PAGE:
The Bill Nye of school garden programs, Stephen Ritz, is in town for the Nevada Green Schools STEM Summit taking place this Saturday at West Career & Technical Academy. Launched to fame by his 2008 speech at Columbia University, “From Crack to Cucumbers,” Ritz is a South Bronx educator who tackled childhood obesity and taught science by introducing an edible garden into his classroom. Now known as the Green Bronx Machine, the project has garnered national attention as a model for positive change. After touring Walter S. Bracken Elementary School’s gardens, Ritz spent some time talking with Desert Companion’s Heidi Kyser about the movement.
I gather you’re making the rounds in Las Vegas. What are your first impressions of the school district’s gardening program?
I am in love with the Walter Bracken STEAM Academy. You can see the transformation that has occurred there and the joy that it has brought to the kids and the community. It’s an involved and engaged faculty, and that makes a difference. … I’m a huge fan of Las Vegas, and I see a tremendous cooperation here between the schools and casinos and restaurants, who love growing food. The public-private partnerships are brilliant.
What does the STEM Summit taking place this weekend mean to your average Las Vegan?
STEM (science, technology, engineering and math) — and I actually prefer STEAM (with an “A” for the arts) — represents the greatest opportunity for transforming the economy and the environment, and nothing’s more critical to the health and wealth of Las Vegas than those two things. Healthy children are the heart of healthy schools, and healthy schools are the heart of healthy communities. It’s also economic. Efficient practices in schools help save tax dollars, and this summit is really about fostering best practices to move everybody forward.
What will you tell the people who attend?
I’m going to share my experience, my hope for what healthy engaged school communities look like and how I’ve managed to transform performance among some of the least likely students in one of the least likely places in the country.
Is the jury still out on whether investment in school gardens provides a good return, or is that seen as a given now?
It all depends on how you’re doing school gardening. But if you talk to the principal at Bracken or to me, the answer is unequivocally yes. It’s a good investment if you garden smarter, aligning a specific academic outcome to that process. It’s about using your garden as a tool to teach Common Core. It’s a point of entry to all things. … There are always naysayers out there, but the reality is, food is a non-negotiable. Nowhere else can you vote three times a day but at the table. Schools with gardens are moving kids from being consumers to producers, and it has a multiplier effect.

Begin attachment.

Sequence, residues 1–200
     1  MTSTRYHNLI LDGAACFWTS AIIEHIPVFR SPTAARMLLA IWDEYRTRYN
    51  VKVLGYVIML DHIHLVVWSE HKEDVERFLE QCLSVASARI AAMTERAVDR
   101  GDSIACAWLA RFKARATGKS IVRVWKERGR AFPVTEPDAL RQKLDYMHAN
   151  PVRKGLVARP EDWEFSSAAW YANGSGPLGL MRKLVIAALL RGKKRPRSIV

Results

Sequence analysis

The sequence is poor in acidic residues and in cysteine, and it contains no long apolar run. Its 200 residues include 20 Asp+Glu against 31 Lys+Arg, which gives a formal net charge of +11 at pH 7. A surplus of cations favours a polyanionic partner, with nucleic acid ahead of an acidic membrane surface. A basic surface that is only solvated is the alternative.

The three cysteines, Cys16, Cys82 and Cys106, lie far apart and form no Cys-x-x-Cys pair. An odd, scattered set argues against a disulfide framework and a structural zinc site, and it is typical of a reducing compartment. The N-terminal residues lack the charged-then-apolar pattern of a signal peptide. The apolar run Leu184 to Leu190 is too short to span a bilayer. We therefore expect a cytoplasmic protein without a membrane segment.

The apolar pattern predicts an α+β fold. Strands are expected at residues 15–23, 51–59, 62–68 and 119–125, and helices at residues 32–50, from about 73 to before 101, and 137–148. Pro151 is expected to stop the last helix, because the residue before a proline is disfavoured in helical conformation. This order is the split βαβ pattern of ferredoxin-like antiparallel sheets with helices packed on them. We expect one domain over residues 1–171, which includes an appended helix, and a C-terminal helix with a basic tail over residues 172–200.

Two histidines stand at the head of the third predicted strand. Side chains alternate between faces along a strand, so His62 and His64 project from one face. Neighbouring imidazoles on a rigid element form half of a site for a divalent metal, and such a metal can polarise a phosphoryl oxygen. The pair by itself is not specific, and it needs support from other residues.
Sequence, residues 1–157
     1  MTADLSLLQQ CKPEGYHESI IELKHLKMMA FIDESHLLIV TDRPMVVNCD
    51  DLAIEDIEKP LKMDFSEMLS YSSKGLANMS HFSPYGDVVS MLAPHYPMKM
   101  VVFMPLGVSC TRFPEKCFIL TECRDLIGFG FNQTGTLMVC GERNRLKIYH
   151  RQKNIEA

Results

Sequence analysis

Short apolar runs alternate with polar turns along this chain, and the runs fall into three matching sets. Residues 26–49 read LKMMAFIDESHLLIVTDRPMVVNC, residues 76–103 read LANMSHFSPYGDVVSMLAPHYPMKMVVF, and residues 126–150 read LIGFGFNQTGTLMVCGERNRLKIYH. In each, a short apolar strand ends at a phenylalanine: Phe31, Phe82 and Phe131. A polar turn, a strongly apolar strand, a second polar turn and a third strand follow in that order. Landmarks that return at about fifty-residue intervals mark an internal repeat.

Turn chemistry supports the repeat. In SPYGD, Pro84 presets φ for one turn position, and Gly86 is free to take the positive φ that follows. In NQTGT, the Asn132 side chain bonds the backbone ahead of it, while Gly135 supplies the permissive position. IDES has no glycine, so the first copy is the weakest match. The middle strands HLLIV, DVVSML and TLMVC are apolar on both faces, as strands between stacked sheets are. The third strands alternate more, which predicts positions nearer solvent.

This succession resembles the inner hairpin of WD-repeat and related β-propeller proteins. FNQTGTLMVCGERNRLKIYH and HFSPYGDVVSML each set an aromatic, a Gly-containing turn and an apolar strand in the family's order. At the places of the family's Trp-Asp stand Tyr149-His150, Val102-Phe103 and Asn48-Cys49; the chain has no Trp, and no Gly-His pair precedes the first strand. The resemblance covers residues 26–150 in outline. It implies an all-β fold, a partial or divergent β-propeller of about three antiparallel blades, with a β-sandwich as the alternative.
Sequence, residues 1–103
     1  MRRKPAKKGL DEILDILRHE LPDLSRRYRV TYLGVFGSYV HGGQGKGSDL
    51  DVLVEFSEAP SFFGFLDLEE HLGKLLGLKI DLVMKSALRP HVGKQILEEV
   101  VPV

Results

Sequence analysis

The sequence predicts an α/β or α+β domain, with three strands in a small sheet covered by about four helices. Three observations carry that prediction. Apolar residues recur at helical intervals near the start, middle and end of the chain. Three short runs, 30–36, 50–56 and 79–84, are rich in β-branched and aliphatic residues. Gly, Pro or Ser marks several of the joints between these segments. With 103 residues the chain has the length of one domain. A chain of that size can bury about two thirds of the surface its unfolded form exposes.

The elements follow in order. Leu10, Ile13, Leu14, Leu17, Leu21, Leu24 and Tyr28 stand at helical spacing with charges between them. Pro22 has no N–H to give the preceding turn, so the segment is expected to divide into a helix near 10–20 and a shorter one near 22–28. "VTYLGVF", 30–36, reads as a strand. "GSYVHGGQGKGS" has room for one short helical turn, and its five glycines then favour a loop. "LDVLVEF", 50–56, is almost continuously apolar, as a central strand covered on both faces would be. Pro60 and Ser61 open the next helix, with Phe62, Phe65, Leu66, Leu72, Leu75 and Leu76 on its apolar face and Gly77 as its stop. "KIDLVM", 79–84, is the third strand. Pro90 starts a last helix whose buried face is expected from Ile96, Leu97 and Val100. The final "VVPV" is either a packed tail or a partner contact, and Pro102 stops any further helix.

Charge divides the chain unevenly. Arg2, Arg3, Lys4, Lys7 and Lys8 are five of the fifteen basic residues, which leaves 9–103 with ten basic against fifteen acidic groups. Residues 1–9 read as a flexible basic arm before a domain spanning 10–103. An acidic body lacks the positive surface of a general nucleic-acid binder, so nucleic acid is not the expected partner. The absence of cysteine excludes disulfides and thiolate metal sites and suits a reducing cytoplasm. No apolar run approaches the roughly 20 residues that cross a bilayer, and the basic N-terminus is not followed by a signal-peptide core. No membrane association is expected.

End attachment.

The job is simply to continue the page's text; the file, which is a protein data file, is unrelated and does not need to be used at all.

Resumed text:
You’ve traveled and spoken about this all over the country. What’s the most innovative thing happening right now?
Certainly the notion of indoor agriculture — moving away from your traditional raised beds to integration of 21st-century technology. Whether it’s vertical alignment or LED lighting or whatever, that’s what inspires me, because it’s hyperlocal using technology. That’s real STEM learning to me.
What are the movement’s challenges?
One place for all this stuff to live — the best practices and knowledge that everyone has accumulated. That’s the big challenge right now, and we’re all trying to figure that out. But we do see people coming together like this weekend in Vegas, so that’s really inspiring to all of us.
What’s your favorite story about how gardening changed a life?
I myself have lost more than 100 pounds simply by eating the food I grow with the kids in school. … But my favorite organic product is healthy high-performing children who are losing weight, feeling great and going to college, learning how to farm with 90 percent less water in 90 percent less space, zero miles to plate. That’s a benefit to everybody, including Mother Earth.